People who describe themselves as a “Night Owls” may not live as long as those who consider themselves a “morning person, according to a new study that followed more than 430,000 adults in the UK. Participants were between the ages 38 to 73. They were studied for six and a half years. At the end of the trial, researchers compared the death rates. Those who prefer the evenings were 10 percent more likely to die during the six-year study than early risers.
27% of the participants defined themselves as “definitely a morning person”, and 35% said they were “more a morning person than evening person” while “more an evening than a morning person” was at 28%, and 9% said they were “definitely an evening person.’ The participants also listed their weight, smoking habits, and socioeconomic status.
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Researchers also looked at medical issues. Health issues like diabetes and psychological, neurological and gastrointestinal disorders were less common for those who wake up earlier.
The researchers think that sleeping late and the ill-health effects are related to the “internal body clock” being in disarray, but it’s not clear whether or not the late sleep itself is causing the trouble as people who prefer the night were also more likely to smoke, drink alcohol and coffee, eat poorly, and use illegal drugs. While it seems clear that going to sleep at a decent hour, getting enough quality sleep, and being tuned into the circadian rhythm we humans have evolved with promotes better health than staying up late, the finding is only an association, not a cause-and-effect relationship.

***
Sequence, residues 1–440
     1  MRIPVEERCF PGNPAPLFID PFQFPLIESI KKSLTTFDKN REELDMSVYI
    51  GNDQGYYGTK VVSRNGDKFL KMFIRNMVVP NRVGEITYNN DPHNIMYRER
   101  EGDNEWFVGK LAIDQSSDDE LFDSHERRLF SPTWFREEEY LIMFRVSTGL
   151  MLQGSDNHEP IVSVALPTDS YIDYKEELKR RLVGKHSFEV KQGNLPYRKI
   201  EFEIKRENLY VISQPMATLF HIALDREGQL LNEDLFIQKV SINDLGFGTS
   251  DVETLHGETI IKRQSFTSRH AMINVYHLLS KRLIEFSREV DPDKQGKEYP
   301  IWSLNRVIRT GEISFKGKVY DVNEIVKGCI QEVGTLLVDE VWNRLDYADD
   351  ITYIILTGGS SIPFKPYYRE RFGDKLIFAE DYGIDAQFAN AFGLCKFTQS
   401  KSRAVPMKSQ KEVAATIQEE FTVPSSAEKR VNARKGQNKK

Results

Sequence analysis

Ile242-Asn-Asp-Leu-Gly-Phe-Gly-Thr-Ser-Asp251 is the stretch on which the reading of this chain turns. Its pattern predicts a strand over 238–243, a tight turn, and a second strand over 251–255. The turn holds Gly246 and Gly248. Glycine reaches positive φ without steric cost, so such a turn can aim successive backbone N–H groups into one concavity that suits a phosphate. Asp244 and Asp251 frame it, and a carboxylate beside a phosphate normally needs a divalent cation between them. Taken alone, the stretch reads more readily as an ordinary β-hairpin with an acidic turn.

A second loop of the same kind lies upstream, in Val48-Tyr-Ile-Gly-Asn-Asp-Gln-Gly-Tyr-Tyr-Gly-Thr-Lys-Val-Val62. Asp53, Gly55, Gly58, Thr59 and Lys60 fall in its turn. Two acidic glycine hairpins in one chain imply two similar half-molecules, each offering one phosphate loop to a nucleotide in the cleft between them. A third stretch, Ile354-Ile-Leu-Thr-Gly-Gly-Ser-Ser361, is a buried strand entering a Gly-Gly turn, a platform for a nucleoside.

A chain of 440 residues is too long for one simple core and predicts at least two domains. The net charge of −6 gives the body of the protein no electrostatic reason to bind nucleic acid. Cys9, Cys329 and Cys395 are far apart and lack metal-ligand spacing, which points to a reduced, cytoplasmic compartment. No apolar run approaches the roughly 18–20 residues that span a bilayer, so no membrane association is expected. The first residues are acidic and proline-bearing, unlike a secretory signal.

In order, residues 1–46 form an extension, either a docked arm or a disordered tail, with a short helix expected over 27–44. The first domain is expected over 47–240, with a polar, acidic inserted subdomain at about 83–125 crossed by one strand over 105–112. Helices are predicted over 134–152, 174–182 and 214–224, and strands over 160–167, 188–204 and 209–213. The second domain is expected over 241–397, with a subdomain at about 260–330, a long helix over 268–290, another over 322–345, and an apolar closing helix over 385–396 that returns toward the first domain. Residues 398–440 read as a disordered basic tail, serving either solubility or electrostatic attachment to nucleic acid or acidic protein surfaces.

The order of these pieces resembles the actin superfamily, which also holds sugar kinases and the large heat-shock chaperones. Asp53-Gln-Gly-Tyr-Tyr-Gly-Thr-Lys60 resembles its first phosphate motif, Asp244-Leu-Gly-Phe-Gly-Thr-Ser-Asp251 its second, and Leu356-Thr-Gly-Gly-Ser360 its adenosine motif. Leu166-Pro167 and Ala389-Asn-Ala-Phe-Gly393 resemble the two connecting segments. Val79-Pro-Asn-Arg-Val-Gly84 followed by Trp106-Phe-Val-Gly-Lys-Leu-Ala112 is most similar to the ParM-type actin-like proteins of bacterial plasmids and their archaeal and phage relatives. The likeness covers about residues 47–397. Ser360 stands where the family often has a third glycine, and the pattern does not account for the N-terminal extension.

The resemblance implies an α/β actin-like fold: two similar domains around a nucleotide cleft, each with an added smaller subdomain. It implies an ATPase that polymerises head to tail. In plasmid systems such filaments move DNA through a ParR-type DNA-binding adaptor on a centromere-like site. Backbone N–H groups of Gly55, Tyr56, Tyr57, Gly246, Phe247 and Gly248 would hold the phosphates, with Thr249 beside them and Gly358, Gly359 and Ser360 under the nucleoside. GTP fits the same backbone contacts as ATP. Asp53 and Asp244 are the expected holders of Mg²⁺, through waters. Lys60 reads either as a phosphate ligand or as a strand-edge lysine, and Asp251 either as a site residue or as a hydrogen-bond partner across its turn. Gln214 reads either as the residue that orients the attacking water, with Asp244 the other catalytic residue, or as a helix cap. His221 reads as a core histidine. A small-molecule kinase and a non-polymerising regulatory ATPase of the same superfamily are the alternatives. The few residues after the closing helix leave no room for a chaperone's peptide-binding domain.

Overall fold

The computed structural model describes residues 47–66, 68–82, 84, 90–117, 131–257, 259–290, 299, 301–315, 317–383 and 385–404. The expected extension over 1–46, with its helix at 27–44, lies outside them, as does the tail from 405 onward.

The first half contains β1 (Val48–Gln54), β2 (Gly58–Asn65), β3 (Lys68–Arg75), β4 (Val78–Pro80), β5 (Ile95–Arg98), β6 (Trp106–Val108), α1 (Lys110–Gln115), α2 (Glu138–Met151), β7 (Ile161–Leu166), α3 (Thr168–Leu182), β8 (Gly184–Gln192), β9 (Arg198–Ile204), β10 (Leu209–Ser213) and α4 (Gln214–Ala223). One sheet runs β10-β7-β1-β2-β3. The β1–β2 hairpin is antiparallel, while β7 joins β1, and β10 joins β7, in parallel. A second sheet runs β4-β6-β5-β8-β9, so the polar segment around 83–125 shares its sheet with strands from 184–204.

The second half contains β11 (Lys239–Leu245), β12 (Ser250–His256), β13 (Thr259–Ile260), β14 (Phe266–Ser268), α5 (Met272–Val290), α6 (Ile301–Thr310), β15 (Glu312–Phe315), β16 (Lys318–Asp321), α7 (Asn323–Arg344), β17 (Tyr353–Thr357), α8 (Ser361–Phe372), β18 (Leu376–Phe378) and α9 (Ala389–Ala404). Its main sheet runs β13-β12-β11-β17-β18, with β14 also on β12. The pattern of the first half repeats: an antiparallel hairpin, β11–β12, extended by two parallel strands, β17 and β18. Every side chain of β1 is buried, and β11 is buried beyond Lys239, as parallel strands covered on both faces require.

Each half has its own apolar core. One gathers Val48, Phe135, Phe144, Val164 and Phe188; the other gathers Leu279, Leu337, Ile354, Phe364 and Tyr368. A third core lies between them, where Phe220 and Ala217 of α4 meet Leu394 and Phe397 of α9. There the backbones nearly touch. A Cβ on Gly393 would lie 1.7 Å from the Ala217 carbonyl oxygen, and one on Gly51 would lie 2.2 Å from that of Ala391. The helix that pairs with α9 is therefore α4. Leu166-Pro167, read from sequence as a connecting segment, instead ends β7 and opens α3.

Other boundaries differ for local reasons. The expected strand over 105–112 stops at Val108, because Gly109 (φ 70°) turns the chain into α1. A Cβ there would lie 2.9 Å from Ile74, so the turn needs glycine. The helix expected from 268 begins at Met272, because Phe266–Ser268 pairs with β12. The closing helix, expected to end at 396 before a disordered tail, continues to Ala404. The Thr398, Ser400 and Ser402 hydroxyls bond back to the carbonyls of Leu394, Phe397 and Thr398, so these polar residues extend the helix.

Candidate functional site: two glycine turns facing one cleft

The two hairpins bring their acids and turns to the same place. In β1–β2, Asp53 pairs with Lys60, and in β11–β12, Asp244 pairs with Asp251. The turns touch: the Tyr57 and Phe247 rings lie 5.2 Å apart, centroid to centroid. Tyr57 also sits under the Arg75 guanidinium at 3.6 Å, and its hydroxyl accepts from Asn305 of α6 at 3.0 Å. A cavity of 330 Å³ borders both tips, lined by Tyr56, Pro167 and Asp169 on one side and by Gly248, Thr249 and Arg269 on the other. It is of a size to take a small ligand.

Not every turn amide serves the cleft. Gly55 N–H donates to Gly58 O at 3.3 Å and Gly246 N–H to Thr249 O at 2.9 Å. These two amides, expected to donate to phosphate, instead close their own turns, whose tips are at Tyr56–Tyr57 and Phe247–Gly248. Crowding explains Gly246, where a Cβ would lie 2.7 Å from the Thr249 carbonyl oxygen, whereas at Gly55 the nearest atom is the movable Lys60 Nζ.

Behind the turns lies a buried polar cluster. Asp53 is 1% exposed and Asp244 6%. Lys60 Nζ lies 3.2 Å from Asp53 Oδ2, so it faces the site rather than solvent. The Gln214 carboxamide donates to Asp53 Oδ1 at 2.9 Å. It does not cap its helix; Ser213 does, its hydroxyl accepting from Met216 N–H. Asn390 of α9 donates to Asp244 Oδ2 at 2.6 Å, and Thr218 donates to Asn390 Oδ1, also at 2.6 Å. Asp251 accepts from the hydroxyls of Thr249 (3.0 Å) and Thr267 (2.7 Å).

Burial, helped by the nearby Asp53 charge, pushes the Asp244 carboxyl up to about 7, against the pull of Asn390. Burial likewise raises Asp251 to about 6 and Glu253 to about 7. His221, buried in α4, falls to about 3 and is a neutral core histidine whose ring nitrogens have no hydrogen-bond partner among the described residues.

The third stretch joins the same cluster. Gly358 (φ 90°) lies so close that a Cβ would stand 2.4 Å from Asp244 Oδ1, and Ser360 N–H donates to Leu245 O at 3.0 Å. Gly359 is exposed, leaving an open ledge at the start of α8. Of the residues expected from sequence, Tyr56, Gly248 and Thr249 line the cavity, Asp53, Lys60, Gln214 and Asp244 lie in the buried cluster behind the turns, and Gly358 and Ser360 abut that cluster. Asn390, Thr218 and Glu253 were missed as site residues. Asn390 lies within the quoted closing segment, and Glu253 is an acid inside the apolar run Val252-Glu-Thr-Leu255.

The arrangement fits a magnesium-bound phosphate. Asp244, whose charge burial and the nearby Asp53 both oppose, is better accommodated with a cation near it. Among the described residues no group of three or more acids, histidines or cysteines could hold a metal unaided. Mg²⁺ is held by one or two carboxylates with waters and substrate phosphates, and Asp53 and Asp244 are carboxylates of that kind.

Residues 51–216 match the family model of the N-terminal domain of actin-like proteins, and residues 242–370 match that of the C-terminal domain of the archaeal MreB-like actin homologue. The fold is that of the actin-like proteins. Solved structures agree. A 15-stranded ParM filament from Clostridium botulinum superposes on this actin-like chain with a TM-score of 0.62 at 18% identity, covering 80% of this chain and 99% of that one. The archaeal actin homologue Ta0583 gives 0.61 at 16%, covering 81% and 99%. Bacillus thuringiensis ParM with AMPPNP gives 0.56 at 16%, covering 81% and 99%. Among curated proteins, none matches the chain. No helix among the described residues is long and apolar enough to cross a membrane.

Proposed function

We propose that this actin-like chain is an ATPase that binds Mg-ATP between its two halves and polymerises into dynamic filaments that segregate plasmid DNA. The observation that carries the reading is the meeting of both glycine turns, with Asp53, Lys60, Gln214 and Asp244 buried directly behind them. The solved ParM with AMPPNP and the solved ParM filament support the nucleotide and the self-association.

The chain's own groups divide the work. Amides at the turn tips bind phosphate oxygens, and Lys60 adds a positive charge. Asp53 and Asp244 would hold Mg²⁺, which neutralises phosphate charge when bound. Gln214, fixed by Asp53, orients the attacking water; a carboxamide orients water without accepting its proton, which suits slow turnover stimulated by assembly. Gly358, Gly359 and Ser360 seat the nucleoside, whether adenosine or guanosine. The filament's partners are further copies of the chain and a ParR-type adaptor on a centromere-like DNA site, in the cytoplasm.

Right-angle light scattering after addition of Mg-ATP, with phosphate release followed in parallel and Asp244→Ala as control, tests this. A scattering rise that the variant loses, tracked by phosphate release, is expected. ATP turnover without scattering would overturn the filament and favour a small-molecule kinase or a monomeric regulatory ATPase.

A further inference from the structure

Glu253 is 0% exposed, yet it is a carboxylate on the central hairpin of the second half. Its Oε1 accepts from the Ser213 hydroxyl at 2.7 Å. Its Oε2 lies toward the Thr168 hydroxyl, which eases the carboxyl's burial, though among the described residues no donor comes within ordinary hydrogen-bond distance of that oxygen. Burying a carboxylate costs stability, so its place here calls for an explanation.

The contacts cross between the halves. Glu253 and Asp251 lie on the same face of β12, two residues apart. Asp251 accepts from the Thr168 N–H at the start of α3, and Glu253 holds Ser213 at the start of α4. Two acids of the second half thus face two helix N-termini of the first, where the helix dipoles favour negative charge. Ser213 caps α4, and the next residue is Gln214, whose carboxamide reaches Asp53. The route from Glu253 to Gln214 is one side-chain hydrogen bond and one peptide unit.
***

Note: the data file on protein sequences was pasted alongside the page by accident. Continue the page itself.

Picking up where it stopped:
Previous research has linked body-clock disruption to chronic disease including diabetes, hypertension, and mental health problems like depression.
Researchers are investigating whether bright light therapy in the morning or melatonin supplementation in the evening, could shift our chronotype, possibly improving people’s health outcomes.
The authors of the study also suggest that more thought should be given to how our working patterns are designed.
These findings suggest the need for researching interventions aimed at allowing evening types greater working flexibility.”
They also suggest that daylight saving time could disproportionality harm the health of those who prefer evenings.
The switch to daylight saving time is perceived as more uncomfortable by evening types than morning types, placing a further burden on individuals who are already struggling with when to start the working day.”
People Who Sleep and Wake Up Late, Take Solace…
If you prefer the evenings, here’s some good news for you. Scientific research has shown a correlation with higher IQ scores and more for those who prefer the night. They are also said to be more creative. President Obama, Charles Darwin, Winston Churchill, Keith Richards and Elvis Presley are well known for being nocturnally active.